The recent IMF Article 4 report suggests that Zambia will again exceed its fiscal deficit set out in the Budget 2014 :
IMF stressed that the proposed 2014 budget does not take sufficient steps to start addressing the large fiscal deficit. The budget submitted to Parliament in October calls for a deficit of 6.2 percent of GDP in 2014, above staff’s recommendation of 5 percent. The budget aims to increase domestic revenue by about 1.3 percent of GDP, mainly through non tax measures (including bringing revenue from FRA and other government agencies on budget, raising road tolls, and introducing a surcharge on money transfers).Contrary to [IMF] advice, the [Zambia] budget proposes raising the Personal Income Tax (PIT) tax-free threshold to K3,000 from the current 2,200, which will generate a revenue loss of about 1 percent of GDP [Under the new PIT tax-free threshold, only about 33 percent of employees in the formal sector are expected to pay income taxes]. The budget also proposes a wage freeze for 2014 and 2015, as well as a net recruitment freeze for 2014 and limits FRA activities to maintaining a strategic reserve.
In addition to the higher than desirable planned deficit, there are substantial downside risks to the proposed 2014 budget. Based on available information, [IMF] estimates that revenue and spending policies in the budget would produce a deficit of 7.4 percent of GDP, about 1 percent of GDP higher than budgeted. [The deficit could be significantly higher if the increase in non tax revenue falls short of the authorities’ ambitious projections]
Moreover, the proposed wage and hiring freezes will be difficult to achieve given opposition from unions. Even modest increases in wages and new recruitments could incur additional spending of 1–1½ percent of GDP. To reduce the proposed deficit to 5 percent of GDP, staff recommended further measures [refrain from raising the tax-free threshold; Starting to raise corporate income tax (CIT) rates on low-taxed sectors ; postponing some infrastructure projections; and, reducing intergovernmental transfers](Source: IMF Article 4 Report 2013, Paras 17-18])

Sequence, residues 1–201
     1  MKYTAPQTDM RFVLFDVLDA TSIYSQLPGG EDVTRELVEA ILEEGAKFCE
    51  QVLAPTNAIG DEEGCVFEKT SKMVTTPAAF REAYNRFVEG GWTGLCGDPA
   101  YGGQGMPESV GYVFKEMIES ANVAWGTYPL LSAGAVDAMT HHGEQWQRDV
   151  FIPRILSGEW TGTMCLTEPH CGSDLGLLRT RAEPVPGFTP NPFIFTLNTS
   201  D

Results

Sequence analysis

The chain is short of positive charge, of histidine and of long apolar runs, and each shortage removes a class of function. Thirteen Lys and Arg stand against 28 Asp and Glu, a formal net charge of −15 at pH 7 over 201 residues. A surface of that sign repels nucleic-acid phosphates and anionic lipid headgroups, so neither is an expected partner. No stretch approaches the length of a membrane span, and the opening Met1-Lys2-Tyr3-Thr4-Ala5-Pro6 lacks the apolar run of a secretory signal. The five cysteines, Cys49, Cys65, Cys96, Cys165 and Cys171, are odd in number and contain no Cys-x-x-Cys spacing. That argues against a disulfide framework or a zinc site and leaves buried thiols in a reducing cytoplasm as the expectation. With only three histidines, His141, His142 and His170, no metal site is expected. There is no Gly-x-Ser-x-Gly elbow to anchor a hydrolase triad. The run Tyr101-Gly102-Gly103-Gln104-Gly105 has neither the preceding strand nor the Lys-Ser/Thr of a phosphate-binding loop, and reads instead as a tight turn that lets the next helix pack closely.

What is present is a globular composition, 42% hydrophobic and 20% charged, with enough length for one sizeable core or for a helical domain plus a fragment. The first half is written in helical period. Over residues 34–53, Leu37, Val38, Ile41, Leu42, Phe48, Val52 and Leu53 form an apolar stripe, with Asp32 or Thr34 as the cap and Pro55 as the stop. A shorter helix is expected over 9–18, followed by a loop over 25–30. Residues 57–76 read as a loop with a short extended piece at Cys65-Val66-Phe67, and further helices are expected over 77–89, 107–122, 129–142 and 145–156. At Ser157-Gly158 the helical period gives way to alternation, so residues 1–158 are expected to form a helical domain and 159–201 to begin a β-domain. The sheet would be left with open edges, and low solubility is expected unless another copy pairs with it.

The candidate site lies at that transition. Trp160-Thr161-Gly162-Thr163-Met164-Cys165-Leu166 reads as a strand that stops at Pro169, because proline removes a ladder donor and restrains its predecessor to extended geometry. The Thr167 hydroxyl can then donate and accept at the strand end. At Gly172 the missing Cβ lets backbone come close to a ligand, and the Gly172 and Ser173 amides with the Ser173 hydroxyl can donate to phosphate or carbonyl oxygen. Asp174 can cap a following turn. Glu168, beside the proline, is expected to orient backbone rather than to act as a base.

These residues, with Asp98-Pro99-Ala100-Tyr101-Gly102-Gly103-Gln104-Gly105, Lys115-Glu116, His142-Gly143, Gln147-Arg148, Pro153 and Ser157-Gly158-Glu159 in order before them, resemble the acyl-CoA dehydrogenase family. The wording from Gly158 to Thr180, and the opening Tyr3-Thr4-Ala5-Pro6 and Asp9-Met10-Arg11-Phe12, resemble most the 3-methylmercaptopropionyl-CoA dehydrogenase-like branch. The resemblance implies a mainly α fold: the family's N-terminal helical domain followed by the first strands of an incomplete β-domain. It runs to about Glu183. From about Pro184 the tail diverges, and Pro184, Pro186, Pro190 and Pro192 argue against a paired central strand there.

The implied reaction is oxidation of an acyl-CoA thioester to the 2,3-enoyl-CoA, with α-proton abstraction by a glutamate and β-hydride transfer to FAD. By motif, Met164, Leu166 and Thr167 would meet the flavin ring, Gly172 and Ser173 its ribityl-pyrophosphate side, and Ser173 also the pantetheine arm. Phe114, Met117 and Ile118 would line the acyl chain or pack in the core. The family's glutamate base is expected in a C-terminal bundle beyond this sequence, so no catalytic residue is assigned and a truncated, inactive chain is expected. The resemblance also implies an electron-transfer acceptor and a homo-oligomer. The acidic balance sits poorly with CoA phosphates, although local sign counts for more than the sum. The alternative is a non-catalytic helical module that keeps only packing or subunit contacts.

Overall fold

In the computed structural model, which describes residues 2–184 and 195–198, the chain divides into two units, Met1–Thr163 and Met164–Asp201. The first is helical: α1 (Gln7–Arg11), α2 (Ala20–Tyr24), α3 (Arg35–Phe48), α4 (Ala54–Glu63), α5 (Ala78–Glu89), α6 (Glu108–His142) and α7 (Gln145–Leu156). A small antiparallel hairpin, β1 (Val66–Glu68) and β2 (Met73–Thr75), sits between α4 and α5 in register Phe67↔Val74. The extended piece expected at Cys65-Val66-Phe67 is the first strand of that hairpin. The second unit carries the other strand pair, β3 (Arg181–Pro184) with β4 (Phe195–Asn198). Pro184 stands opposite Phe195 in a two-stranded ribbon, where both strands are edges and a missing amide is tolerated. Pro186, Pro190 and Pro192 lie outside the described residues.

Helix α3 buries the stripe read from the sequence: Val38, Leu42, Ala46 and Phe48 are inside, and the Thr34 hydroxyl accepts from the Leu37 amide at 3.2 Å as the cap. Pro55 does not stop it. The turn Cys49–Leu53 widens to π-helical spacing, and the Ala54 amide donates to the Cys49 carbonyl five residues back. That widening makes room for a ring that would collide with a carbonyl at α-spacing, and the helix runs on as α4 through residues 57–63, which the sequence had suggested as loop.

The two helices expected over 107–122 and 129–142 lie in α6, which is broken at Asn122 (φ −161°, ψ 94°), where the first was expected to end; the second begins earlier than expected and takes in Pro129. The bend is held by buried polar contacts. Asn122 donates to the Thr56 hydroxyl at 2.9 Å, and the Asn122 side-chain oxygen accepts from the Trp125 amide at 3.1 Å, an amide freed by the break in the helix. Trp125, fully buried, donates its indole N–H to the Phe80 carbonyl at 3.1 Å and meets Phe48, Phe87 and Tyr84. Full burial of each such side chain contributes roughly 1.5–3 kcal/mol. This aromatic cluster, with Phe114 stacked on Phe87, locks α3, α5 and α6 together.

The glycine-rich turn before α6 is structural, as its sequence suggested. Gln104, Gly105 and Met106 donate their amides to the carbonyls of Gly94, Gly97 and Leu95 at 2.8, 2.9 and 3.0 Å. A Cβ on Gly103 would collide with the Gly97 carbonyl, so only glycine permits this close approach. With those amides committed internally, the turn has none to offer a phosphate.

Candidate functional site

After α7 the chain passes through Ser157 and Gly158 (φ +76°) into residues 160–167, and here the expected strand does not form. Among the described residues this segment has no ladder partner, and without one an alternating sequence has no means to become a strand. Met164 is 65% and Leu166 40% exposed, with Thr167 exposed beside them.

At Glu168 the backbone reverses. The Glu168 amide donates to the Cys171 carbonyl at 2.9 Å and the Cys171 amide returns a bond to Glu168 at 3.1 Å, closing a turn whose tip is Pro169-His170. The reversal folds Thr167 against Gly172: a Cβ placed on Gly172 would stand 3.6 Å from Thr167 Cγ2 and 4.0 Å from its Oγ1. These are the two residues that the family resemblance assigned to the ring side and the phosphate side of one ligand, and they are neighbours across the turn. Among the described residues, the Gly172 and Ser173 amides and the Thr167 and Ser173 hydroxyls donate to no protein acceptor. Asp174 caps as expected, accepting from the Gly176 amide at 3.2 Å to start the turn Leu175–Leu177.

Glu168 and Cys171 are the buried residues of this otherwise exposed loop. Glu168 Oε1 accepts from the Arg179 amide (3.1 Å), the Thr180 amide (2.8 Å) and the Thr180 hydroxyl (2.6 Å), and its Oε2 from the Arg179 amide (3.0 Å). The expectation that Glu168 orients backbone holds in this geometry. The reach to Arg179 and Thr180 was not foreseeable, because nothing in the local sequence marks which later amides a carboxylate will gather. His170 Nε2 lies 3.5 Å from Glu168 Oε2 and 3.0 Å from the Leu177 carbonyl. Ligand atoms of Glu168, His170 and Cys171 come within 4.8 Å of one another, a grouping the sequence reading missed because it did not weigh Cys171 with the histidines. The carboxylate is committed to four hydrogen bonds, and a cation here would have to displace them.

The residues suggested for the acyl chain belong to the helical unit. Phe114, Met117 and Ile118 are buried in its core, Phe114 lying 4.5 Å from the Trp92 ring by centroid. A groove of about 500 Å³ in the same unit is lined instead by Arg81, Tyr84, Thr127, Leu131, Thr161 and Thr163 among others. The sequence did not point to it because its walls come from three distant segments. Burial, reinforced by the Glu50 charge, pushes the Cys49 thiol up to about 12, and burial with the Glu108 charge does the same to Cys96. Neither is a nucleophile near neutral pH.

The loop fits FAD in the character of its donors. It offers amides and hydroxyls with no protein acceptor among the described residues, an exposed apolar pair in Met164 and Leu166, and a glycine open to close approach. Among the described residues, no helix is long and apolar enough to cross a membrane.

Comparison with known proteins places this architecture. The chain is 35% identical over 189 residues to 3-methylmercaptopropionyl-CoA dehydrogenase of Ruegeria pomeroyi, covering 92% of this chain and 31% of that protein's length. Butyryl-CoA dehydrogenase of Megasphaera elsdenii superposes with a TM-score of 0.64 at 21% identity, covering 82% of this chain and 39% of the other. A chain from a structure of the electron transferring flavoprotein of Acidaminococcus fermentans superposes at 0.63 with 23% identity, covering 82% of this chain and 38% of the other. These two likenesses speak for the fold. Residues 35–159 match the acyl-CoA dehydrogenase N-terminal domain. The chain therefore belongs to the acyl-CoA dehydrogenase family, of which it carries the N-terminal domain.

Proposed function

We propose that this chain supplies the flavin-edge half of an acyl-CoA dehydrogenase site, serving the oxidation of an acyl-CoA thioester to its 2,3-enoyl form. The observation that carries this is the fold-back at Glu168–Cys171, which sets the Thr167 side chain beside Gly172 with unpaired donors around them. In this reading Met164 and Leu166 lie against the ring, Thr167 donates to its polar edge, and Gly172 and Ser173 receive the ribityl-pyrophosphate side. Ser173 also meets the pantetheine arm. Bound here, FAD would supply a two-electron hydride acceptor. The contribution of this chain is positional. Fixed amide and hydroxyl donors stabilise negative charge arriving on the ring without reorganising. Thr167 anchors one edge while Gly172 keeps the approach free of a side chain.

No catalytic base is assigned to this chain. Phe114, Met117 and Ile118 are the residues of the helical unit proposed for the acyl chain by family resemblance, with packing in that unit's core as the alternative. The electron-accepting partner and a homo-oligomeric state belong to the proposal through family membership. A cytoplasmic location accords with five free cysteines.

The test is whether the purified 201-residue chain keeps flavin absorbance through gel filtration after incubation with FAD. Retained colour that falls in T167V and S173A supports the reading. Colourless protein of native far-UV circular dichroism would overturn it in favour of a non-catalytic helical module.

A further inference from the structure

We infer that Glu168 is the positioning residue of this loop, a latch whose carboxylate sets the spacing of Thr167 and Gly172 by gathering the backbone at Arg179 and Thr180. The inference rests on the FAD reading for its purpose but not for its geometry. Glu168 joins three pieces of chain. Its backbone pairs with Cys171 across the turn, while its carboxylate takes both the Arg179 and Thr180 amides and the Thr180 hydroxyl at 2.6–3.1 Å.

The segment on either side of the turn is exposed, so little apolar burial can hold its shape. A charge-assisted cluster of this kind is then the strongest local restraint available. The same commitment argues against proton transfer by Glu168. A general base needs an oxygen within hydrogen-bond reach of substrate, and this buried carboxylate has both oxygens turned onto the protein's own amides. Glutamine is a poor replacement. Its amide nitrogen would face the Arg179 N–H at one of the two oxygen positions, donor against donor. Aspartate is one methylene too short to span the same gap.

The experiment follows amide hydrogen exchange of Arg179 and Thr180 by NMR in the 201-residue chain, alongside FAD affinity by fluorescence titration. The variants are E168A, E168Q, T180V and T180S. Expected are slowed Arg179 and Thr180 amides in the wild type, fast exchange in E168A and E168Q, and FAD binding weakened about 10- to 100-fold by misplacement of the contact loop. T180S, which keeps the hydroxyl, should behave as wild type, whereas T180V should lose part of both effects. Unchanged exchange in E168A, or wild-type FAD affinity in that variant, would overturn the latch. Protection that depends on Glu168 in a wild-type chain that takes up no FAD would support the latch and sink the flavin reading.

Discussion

Once again the key picture here seems to be the Budget is increasingly not worth paper it is written on. It is particularly noticeable that the IMF believes, “the deficit could be significantly higher if the increase in non tax revenue falls short of the authorities’ ambitious projections”.
I suspect that is given because most of the non-tax revenue includes the “exceptional revenue” figure which is essentially a holding number that GRZ has failed to justify. On top of that a lot of revenues has been projected from the not fully implemented toll roads and also the land audit. Government has also already moved to reverse some of the hiring and wage freezes. In addition there non-budgeted spending commitments being made already e.g. INDECO, new stadiums.
Some people have raised legitiminate questions on why the IMF analysis matters. It matters because no one else is is in position to take an indepth look at our finances than the IMF and World Bank because GRZ is not very open to anyone except the IMF and World Bank. The Bretton Woods institutions are able to look underneath the covers and see the rottenness. Until GRZ becomes more transparent to its own people and we have fully fledged research institutions it is foolish to ignore IMF and World Bank analysis on the many pressing issues.
Chola Mukanga | Economist
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